martes, 15 de diciembre de 2015
Britain in 2015 is, nevertheless, increasingly characterised I believe by a creeping intolerance towards Christianity, and towards religion more generally
Faith, Freedom and One Nation: the full text of Stephen Crabb’s Wilberforce address
By Stephen Crabb MP
"Britain in 2015 is, nevertheless, increasingly characterised I believe by a creeping intolerance towards Christianity, and towards religion more generally, which we should be deeply concerned about. There is a strain of hard-edged secularism at work which seeks to push faith entirely into the realms of the private and away from the public space. It is illiberal and is fundamentally at odds with the values we proclaim provide the foundation for a free and open society."
The Welsh Secretary delivered this address earlier this week at Westminster Cathedral Hall.
“I would like to start by thanking the Conservative Christian Fellowship for the kind invitation to deliver the 2015 Wilberforce Address this evening.
It is an honour to be asked to give this lecture which is named of course after one of our Party’s most important social reformers – a passionate and untiring campaigner, and someone who embodied the very spirit of Compassionate Conservativism.
William Wilberforce continues to fascinate and inspire in so many ways. His achievements and his importance within British politics and the Conservative Party are things we rightly continue to recognise and salute.
It is a particular privilege to address you in this the 25th anniversary year of the founding of the Conservative Christian Fellowship and I congratulate you on reaching this very significant milestone – a quarter of a century of bringing Christians together, from all backgrounds and denominations, in friendship and faith, to provide a forum of shared interest and identity within the Conservative Party.
Our values will overcome?
My theme this evening is Faith, Freedom and One Nation.
It brings together a number of thoughts which I have had for some time, but which have been sharpened by some of the challenging events we have seen in recent days. It is also quite timely given the issues raised yesterday in the report from the wonderfully Victorian-sounding Commission on Religion and Belief in British Public Life, which sought to address issues of community, diversity and the common good.
Among the reactions of anger, grief, fear and sorrow that came pouring out into public in the hours following the Paris attacks on the night of Friday 13th November, one of the most powerful was a declaration of solidarity and unity – linked to a declaration that our shared values are stronger than the bullets and suicide vests of those driven by the poison and rage of Islamist extremism – and that these shared values will ultimately prevail.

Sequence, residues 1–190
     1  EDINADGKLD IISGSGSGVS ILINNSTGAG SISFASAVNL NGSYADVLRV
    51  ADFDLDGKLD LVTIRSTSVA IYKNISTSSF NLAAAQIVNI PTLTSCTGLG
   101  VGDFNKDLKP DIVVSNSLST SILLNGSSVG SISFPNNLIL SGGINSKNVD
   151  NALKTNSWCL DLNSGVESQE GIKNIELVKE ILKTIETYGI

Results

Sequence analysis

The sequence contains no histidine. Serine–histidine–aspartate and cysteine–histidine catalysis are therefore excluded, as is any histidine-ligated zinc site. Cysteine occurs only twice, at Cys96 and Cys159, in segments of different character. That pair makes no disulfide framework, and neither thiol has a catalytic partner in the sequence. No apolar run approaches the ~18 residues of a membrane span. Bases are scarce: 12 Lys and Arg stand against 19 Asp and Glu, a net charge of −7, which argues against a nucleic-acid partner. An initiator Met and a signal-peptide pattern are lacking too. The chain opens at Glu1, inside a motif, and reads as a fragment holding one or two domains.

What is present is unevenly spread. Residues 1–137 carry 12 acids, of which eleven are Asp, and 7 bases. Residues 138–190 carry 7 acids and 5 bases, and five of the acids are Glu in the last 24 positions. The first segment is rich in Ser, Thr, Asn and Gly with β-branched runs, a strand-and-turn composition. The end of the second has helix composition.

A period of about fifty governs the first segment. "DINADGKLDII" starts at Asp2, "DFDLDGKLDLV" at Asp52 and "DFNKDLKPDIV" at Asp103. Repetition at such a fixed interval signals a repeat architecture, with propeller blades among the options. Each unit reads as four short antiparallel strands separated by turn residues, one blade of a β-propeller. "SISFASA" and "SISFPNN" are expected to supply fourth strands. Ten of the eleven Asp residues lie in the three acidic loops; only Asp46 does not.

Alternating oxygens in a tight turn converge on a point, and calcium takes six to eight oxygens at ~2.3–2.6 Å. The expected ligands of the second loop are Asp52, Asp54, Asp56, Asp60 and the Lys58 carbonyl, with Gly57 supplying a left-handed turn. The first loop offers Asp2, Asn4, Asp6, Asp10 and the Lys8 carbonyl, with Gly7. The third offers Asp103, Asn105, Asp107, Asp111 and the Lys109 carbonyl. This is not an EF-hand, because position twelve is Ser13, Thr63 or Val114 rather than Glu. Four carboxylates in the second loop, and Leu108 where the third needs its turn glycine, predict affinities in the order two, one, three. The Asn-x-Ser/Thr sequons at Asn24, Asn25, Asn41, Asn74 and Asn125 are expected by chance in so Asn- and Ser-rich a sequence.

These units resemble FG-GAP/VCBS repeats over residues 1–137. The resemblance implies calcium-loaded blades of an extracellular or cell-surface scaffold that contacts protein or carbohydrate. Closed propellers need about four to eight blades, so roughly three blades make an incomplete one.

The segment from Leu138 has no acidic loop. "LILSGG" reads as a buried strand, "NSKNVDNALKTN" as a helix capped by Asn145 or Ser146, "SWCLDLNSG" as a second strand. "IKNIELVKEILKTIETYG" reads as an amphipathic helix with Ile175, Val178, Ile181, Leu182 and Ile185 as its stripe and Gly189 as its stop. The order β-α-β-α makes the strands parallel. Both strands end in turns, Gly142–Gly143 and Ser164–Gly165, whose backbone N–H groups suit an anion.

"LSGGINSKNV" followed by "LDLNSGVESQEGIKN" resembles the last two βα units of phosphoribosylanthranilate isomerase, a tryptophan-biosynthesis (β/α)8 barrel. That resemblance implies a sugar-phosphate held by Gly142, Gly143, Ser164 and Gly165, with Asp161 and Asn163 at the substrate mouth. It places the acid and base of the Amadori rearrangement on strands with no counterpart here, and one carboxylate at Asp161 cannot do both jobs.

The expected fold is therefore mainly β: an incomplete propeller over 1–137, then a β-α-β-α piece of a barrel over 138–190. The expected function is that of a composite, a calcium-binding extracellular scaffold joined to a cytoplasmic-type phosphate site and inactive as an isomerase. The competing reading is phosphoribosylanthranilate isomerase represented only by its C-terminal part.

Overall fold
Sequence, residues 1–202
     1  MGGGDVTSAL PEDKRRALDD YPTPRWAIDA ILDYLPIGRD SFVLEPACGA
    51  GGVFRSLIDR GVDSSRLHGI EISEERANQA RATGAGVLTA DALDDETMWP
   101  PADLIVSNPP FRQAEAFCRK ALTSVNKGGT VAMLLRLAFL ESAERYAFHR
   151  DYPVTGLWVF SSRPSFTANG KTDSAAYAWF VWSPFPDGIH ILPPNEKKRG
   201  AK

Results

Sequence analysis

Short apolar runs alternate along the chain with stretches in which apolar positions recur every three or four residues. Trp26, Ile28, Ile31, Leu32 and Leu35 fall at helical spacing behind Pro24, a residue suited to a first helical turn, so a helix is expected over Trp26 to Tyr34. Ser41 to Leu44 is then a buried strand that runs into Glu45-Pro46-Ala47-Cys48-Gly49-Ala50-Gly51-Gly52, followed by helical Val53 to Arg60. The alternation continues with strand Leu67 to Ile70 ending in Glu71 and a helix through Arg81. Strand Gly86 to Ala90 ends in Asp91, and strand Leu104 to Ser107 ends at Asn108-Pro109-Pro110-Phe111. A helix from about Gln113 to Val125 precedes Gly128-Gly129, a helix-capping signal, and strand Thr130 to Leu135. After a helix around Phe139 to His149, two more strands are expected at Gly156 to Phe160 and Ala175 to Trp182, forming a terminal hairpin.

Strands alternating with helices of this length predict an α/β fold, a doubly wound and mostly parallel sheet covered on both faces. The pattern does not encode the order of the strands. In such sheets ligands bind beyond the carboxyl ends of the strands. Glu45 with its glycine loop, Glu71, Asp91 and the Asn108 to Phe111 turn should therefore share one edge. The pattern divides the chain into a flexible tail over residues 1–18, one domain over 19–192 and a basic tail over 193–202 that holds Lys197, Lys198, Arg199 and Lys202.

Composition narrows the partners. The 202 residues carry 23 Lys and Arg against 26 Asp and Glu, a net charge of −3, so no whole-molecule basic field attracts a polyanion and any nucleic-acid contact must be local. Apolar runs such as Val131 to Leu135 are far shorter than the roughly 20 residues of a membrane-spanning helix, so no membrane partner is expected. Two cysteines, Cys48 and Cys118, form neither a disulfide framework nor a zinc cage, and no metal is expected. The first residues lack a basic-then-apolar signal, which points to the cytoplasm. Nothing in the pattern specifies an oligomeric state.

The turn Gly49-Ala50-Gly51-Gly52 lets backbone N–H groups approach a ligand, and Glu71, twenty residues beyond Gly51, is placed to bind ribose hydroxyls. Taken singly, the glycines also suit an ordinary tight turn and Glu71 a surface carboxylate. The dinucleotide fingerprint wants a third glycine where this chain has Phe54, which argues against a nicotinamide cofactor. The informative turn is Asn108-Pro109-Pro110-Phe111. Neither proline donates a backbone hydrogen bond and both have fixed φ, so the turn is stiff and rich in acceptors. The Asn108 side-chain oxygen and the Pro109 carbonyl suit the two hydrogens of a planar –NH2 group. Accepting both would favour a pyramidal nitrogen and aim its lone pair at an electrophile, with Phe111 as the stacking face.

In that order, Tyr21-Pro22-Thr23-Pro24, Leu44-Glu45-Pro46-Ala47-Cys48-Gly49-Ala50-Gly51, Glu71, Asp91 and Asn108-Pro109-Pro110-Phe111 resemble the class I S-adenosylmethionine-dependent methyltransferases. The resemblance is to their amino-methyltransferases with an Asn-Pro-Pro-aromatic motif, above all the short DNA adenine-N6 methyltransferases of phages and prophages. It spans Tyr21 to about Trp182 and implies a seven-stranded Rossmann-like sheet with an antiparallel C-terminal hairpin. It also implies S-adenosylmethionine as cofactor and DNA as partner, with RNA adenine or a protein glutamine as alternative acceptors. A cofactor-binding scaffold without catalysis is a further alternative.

Millions of people took to social media to share this message. Many users of Twitter and Facebook changed their profile pictures to include a French flag to demonstrate their solidarity with the people of France who had been subjected to a second murderous assault in less than a year.
A few days, later one of our most prominent political commentators, the BBC’s Andrew Neil, opened his programme ‘This Week’ with a blistering critique of the terrorists and a powerful statement of where the balance of history lies:
“Well, I can’t say I fancy their chances…. the outcome is pretty clear to everybody … Whatever atrocities you are currently capable of committing, you will lose. In a thousand years’ time, Paris, that glorious city of lights, will still be shining bright as will every other city like it. While you will be as dust”.
The assertion and underlying assumption here is that our values, our traditions of free speech, tolerance, our essential freedoms which allow lovers to dance together on a Friday night in Paris, families to eat and laugh together in restaurants, artists to paint mocking cartoons of political and religious figures… the assertion is that this type of society – this civilization – will endure in the face of a unprecedented wave of terror generated by the modern day phenomenon of global jihadism.
But how safe is this assumption that the victory of our values over the forces of hate and intolerance is self-evident and inevitable?
I think it is worth asking the question.
But to ask the question properly requires an understanding of what values exactly do we believe constitute the core freedoms that we cherish. I call these our ‘freedom values’.
One of the responses from governments to the Paris attacks has been an immediate increase in security activity and cooperation – within our own shores and across Europe, and also following the vote last Wednesday the projection of force into Syria where much of the terror is inspired and coordinated.
But alongside this, I argue, is a need to reassess and reassert our fundamental freedom values.
I believe an essential part of our armoury in the fight against ISIS/Daesh and their ideology – as with every other previous fascist threat – will be our clarity and strength of purpose when it comes to our own values, our own beliefs.
Because in the same way that jihadist militant groups take advantage of the ungoverned and bombed out spaces of cities and towns wracked by civil war, so they smell opportunity in what they see as societies whose values and core unifying beliefs have been hollowed-out or are contested. Hence one of the key objectives of their terror attacks in Europe is of course to sow those seeds of social, cultural and religious division.
Any failure on our part to articulate clearly our core values, or any lack of willingness in defending them in a muscular and committed way within our own shores, is proof, so they believe, of our decadence and the superiority of their twisted ideology and inevitability of their ultimate victory – in this life or whatever they consider comes next.
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